UNITED STATES DEPARTMENT OF EDUCATION
WASHINGTON, D.C. 20202
In the Matter
ACADEMY OF HAIR
Financial Assistance Proceeding
____________________________________ PCRN: 91405104
Appearances: Beverly Jo Hembree, Owner/Director for Academy of
Paul G. Freeborne, Esq., Office of the
General Counsel, United States Department
of Education, Washington, D.C., for Student Financial Assistance Programs.
Before: Judge Ernest C. Canellos
The FPRD, which resulted from a July 29 - August 2, 1991, program review of Academy's Title
IV compliance for the award years 1989-1990 and 1990-1991, contained eight adverse findings.
These included findings that Academy: improperly charged non-educational items to student
account cards and used Federal funds as payment; disbursed Federal funds to students after said
students failed to maintain satisfactory academic progress; and improperly made disbursements
of Pell funds to students enrolled at an ineligible location. In its brief, Academy appealed
numerous other findings contained in the FPRD, but only the above three are in issue.See footnote 1
The evidence in the record reveals the Academy charges all students a $450.00 supplies fee that
is supposed to cover all items needed to complete the program of study. The following items
identified in the FPRD were added charges incurred by students: one student was charged for a
variety of items including, but not limited to, a watch, sweatshirt, scout master, tanning bed, T-
shirt, and unidentified "school items;" a second student was charged for a jacket, sweatshirt, T-
shirt, bag, watch, and unidentified "school items," and a third student was charged for
unidentified "supplies," sweatshirt, jacket, and a hairdo. As a result of these added charges,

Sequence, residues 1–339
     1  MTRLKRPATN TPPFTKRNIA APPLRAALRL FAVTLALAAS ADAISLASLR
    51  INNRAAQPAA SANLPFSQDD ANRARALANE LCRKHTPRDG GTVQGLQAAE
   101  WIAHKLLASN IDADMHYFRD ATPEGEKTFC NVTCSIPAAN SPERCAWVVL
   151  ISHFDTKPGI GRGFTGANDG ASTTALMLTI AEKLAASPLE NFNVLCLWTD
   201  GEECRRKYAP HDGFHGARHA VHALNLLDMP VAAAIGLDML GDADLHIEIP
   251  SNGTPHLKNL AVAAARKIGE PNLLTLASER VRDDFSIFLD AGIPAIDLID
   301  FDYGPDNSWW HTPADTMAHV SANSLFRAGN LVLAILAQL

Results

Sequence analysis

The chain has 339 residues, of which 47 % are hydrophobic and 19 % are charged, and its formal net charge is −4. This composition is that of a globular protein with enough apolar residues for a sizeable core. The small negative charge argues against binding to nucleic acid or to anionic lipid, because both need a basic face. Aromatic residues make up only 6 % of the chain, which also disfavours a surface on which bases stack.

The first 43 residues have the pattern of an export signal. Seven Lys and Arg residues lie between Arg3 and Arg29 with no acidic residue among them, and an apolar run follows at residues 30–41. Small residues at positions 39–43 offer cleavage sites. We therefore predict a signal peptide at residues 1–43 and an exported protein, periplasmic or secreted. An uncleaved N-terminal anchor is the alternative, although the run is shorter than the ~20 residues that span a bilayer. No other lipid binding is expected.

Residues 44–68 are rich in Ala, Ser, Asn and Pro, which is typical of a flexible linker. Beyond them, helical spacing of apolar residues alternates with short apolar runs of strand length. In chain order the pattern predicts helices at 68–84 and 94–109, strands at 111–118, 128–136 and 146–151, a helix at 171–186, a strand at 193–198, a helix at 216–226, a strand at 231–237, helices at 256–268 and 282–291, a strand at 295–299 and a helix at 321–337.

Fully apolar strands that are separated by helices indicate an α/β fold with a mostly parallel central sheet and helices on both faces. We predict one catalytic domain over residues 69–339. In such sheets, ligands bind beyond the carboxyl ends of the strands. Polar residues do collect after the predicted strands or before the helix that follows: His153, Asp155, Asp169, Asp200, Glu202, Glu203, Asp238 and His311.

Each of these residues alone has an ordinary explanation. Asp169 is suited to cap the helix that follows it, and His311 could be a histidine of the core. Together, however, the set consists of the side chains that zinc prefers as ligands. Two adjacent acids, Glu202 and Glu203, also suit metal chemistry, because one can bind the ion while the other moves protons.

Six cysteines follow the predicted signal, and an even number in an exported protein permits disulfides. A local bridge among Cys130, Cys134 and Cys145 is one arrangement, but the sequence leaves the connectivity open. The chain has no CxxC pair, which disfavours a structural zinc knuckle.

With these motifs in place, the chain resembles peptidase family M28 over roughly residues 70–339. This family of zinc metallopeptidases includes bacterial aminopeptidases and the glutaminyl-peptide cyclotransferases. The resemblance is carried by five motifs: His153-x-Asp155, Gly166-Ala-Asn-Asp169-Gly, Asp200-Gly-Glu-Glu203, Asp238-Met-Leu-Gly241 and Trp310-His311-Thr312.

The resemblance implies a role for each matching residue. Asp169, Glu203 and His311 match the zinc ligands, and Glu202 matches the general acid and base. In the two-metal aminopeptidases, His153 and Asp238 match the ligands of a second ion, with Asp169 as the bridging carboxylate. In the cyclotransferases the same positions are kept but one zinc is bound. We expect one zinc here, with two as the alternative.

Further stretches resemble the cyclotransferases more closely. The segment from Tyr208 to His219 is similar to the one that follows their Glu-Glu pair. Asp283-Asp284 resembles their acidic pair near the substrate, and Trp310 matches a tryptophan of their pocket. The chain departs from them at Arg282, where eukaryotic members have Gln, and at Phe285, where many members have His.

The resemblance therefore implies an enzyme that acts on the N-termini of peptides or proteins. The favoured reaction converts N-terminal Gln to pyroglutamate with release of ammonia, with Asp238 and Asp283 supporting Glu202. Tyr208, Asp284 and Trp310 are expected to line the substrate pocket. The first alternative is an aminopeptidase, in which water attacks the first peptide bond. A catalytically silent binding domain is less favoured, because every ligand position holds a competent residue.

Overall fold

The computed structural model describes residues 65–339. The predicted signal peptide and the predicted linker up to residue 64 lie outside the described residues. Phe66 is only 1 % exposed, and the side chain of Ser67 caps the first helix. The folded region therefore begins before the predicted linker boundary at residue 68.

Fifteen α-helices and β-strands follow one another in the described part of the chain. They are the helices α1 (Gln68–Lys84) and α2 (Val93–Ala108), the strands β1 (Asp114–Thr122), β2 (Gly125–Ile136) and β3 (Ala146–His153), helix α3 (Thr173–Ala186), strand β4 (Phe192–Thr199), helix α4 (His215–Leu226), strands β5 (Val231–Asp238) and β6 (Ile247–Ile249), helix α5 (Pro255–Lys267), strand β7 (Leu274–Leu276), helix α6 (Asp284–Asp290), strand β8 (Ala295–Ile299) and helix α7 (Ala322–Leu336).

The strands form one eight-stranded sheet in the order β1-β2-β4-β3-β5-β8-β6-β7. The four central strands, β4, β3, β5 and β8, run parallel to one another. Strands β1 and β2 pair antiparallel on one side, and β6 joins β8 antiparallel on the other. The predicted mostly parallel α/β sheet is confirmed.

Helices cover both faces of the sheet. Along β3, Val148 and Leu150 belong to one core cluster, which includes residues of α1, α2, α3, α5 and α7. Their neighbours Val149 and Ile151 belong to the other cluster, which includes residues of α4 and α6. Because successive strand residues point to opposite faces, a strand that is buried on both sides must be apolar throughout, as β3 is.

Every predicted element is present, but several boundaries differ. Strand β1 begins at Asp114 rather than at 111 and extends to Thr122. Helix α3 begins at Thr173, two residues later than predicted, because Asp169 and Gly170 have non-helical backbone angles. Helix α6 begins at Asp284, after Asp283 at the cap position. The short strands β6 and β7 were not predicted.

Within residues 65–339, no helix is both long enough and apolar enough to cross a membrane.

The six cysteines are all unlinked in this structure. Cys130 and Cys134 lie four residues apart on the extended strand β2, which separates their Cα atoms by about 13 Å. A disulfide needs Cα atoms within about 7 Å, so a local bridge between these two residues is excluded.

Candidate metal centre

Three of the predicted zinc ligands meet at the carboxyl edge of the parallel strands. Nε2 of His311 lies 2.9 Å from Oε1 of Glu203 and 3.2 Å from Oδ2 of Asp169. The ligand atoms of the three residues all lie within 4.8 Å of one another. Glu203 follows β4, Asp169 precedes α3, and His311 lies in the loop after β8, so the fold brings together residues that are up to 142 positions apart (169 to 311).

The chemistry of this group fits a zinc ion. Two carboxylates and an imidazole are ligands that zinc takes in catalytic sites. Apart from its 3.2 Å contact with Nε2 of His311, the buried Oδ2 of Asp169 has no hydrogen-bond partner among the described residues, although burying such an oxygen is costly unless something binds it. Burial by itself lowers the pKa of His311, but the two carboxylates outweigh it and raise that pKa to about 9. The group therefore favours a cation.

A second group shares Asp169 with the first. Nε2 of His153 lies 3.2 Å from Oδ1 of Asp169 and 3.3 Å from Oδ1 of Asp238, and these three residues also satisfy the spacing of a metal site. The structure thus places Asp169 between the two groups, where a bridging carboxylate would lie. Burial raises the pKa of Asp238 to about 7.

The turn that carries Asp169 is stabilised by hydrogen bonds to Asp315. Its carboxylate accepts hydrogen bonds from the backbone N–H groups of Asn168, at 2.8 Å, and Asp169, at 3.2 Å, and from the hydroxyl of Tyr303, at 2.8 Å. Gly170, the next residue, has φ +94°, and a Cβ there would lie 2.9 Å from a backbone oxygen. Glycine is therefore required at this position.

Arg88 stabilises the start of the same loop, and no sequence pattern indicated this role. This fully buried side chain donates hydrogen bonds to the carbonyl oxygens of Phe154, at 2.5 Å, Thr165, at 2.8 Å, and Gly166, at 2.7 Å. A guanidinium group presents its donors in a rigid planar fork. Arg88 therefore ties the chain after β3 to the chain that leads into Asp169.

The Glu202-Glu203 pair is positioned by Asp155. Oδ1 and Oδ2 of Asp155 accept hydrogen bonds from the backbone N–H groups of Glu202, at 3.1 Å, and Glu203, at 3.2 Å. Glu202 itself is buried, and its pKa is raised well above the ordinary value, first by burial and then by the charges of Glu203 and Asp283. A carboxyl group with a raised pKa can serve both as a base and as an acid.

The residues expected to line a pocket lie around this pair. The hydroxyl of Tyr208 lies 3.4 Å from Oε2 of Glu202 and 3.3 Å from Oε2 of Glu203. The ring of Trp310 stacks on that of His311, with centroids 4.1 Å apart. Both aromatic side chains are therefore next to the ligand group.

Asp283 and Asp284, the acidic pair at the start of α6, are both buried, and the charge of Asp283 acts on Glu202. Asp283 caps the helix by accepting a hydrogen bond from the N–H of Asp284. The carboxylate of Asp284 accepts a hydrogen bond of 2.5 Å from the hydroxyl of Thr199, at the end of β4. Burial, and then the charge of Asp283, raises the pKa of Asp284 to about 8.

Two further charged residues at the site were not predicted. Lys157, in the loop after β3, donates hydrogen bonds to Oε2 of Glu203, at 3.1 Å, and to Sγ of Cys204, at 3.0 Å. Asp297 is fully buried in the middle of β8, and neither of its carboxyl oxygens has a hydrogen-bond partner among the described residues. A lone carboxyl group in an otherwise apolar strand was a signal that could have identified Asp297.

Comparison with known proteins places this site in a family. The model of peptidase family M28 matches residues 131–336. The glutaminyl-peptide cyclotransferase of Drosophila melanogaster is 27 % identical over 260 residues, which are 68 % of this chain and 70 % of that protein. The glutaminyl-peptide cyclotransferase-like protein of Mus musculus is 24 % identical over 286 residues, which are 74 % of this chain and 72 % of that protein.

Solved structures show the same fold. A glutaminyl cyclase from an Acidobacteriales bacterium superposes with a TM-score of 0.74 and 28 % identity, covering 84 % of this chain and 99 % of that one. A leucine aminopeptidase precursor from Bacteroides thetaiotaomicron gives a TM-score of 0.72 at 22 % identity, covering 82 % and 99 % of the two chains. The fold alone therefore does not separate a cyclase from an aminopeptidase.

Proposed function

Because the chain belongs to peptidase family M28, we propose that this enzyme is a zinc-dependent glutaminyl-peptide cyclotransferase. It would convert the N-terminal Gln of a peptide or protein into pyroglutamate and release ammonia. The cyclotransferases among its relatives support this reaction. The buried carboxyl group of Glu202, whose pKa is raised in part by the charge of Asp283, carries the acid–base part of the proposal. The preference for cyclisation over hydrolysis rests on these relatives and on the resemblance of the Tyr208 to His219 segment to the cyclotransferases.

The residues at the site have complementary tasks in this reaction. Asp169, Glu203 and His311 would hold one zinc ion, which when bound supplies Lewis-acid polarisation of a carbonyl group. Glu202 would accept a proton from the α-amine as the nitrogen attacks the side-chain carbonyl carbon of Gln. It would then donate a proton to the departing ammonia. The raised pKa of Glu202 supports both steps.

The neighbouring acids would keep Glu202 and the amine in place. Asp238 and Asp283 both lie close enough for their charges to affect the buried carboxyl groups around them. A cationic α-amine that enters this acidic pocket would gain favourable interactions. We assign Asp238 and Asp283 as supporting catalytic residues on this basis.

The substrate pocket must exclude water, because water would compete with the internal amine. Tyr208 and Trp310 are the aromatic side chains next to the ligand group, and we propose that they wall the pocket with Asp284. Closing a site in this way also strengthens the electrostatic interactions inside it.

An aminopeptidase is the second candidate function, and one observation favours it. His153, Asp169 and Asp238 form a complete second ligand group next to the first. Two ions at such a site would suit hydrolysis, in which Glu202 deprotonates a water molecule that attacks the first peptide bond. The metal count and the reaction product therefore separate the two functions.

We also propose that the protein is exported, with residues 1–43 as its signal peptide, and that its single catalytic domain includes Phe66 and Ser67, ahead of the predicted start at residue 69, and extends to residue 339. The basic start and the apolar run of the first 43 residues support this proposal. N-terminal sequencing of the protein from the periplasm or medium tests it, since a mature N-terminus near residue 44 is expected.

Academy was required to reconstruct account cards for all affected students and provide copies
of original account cards for all students who attended Academy during the program review
period. Academy was also required to have this information attested to by a certified public
accountant. In a November 7, 1992, letter from Academy's certified public accountant, Froehle
and Co. (Froehle), to the Department, Froehle calculated the school's liabilities for this finding
based upon reconstructed records of Pell and FFEL recipients and the number of accounts
Academy failed to make available to Froehle.See
Froehle's review was to include an itemized list of non-educational charges to students'
account cards, however, the report submitted by Froehle
merely listed the total dollar amount of non-educational charges.
SFAP claims that Academy operated a wholesale/retail outlet selling assorted jewelry, clothing,
and tanning beds, and argues that charges for such items are not related to the students'
educational program. Academy argues that these charges were related to the program of study
and that the institution was advised by the Ohio State Loan Commission, a state guaranty
that it had to disburse monies as requested by their students if the items charged were related to
their program of study.
In an appeal of a finding in an FPRD, the institution has the burden of proving that the Title IV funds were lawfully disbursed. 34 C.F.R. § 668.116(d). I find that Academy failed to carry its
burden of proof in showing that the charges to the accounts were for educational expenses
connected with attendance at the institution. Academy submitted no proof that these charges
were required for the program of study; these charges were above and beyond the only charge
identified by the school in the enrollment contract as required for completion of the program. In
its request for review, Academy stated that some items were for the students' personal use or
were purchased in anticipation of the students' employment after completion of the
Academy also argues that it was advised by the Ohio Student Loan Commission that it must
disburse funds to students as they requested it so long as it was related to the program of study.
However, I find that this does not excuse the institution from meeting Title IV requirements and
Academy is responsible for the return of Tile IV funds disbursed for such purposes.
The Secretary has held that once an institution has established and published a valid satisfactory
academic progress policy, it must be applied. In Re Sinclair Community College,
Docket No. 89- 21-S, U.S. Dep't of Educ. (September 26, 1991) (Decision of the Secretary).
There is no dispute
between the parties regarding the satisfactory academic progress policy that should be used to
determine whether or not the students at issue were making satisfactory academic progress.